Artificial limbs, including the most complex of them – the human hand – are getting more life-like and useful due to constant advances in tiny hydraulic, pneumatic and electric motors called actuators. But now, as VOA’s George Putic reports, scientists in Germany say the future of the prosthetic hand may lie not in motors but in wires that can ‘remember’ their shape.
Video

Video Russia Accused of Abusing Interpol to Pursue Opponents

A British pro-democracy group has accused Russia of abusing the global law enforcement agency Interpol by requesting the arrest and extradition of political opponents. A new report by the group notes such requests can mean the accused are unable to travel and are often unable to open bank accounts. VOA's Henry Ridgwell reports.
Video

Video 'Positive Atmosphere' Points Toward TPP Trade Deal in Hawaii

Talks on a major new trade agreement among 12 Pacific Rim nations are said to be nearing completion in Hawaii. Some trade experts say the "positive atmosphere" at the discussions could mean a deal is within reach, but there is still hard bargaining to be done over many issues and products, including U.S. drugs and Japanese rice. VOA's Jim Randle reports.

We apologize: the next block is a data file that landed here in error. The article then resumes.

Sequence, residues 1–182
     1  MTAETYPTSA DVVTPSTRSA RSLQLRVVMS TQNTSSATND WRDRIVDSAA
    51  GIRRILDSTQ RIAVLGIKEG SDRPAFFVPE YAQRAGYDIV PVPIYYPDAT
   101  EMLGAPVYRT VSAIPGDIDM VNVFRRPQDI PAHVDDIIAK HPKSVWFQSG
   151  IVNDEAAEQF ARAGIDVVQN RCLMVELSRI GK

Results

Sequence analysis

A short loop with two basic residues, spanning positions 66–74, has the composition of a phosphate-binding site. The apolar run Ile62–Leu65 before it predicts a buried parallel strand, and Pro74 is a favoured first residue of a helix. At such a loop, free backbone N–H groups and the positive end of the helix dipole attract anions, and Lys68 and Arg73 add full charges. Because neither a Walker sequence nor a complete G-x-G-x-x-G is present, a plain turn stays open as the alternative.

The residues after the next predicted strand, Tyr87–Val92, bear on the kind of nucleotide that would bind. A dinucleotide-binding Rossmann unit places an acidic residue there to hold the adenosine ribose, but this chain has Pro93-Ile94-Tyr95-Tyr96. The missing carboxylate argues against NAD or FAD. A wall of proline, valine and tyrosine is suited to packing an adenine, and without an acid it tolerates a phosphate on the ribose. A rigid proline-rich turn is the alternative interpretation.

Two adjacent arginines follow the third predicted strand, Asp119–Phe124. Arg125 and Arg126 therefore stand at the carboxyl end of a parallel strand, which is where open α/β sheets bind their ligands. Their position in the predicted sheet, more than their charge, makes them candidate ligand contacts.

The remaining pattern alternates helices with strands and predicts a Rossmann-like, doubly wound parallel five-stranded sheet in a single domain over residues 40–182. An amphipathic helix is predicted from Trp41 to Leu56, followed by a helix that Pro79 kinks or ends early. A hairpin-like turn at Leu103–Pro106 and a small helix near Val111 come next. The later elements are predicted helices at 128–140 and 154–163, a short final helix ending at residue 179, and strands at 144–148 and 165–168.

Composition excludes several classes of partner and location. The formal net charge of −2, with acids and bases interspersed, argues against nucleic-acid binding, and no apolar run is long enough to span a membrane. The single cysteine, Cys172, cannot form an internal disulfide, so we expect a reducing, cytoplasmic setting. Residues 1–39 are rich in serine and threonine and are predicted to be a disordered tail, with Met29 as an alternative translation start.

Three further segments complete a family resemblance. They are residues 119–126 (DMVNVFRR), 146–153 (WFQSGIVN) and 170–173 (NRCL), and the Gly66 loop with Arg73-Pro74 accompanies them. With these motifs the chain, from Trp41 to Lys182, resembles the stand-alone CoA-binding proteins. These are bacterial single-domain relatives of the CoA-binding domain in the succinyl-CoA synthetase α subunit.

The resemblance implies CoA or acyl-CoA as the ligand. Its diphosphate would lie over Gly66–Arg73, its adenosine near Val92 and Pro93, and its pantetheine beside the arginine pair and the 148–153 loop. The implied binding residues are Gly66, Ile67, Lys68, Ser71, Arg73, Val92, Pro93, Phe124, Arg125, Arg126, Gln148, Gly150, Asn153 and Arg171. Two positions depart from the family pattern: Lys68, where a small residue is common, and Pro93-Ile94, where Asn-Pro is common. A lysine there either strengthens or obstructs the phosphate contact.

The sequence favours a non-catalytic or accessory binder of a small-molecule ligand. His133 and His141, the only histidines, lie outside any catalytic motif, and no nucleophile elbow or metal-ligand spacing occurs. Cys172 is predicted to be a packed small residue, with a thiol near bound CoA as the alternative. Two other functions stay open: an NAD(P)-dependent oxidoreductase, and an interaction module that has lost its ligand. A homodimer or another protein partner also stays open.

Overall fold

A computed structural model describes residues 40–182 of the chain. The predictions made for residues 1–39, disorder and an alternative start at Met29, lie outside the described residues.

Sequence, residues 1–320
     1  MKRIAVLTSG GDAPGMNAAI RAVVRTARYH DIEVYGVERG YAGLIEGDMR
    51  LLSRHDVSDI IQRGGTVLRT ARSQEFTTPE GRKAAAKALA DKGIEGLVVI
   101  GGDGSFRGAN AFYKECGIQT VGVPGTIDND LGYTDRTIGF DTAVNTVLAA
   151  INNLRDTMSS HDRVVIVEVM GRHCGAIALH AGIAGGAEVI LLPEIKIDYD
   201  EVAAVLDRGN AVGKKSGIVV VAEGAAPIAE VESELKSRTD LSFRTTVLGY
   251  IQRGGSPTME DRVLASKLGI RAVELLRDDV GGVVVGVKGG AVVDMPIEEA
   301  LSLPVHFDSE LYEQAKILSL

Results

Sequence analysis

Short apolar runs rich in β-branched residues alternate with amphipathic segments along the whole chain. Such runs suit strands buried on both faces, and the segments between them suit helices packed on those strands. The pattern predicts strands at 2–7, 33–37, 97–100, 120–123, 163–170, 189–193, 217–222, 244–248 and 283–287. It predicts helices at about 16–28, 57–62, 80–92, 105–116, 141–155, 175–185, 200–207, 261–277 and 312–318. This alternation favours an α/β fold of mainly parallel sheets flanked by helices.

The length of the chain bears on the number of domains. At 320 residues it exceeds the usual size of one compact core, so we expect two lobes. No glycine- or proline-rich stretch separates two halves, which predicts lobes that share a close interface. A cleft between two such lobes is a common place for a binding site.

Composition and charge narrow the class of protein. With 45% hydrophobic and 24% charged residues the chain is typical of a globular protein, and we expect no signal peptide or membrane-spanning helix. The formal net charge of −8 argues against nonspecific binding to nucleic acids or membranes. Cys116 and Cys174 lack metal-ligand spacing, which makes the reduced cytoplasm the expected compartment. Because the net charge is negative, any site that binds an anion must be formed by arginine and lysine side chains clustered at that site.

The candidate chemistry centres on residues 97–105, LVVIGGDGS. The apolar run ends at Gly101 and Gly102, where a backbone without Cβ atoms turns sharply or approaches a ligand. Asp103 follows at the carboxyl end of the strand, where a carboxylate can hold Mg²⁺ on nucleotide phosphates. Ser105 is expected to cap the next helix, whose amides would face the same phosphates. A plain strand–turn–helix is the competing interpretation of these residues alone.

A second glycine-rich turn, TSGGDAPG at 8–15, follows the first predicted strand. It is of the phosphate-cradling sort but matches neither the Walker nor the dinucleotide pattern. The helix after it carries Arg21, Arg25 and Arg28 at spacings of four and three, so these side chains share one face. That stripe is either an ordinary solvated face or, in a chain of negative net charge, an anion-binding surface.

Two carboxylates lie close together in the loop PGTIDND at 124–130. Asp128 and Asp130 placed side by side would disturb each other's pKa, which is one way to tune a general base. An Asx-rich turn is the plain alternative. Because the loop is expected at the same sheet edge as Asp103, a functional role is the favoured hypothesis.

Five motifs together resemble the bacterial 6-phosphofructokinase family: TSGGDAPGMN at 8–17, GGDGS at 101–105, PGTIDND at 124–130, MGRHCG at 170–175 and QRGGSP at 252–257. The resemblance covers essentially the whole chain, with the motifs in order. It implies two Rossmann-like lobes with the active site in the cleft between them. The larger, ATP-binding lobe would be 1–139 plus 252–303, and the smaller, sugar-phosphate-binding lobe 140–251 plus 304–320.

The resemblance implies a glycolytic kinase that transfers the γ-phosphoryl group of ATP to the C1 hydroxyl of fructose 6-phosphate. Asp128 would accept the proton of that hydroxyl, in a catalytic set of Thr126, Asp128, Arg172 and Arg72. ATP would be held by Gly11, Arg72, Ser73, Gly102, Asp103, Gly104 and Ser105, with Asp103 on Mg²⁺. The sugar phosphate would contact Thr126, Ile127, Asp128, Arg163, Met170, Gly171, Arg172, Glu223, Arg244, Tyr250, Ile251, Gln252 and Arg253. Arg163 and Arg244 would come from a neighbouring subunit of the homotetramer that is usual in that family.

Video

Video Genome Initiative Urgently Moves to Freeze DNA Before Species Go Extinct

Earth is in the midst of its sixth mass extinction. The last such event was caused by an asteroid 66 million years ago. It killed off the dinosaurs and practically everything else. So scientists are in a race against time to classify the estimated 11 million species alive today. So far only 2 million are described by science, and researchers are worried many will disappear before they even have a name. VOA’s Rosanne Skirble reports.
Video

Video Scientists: One-Dose Malaria Cure is Possible

Scientists have long been trying to develop an effective protection and cure for malaria - one of the deadliest diseases that affects people in tropical areas, especially children. As the World Health Organization announces plans to begin clinical trials of a promising new vaccine, scientists in South Africa report that they too are at an important threshold. George Putic reports, they are testing a compound that could be a single-dose cure for malaria.
Video

Video 'New York' Magazine Features 35 Cosby Accusers

The latest issue of 'New York' magazine features 35 women who say they were drugged and raped by film and television celebrity Bill Cosby. The women are aged from 44 to 80 and come from different walks of life and races. The magazine interviewed each of them separately, but Zlatica Hoke reports their stories are similar.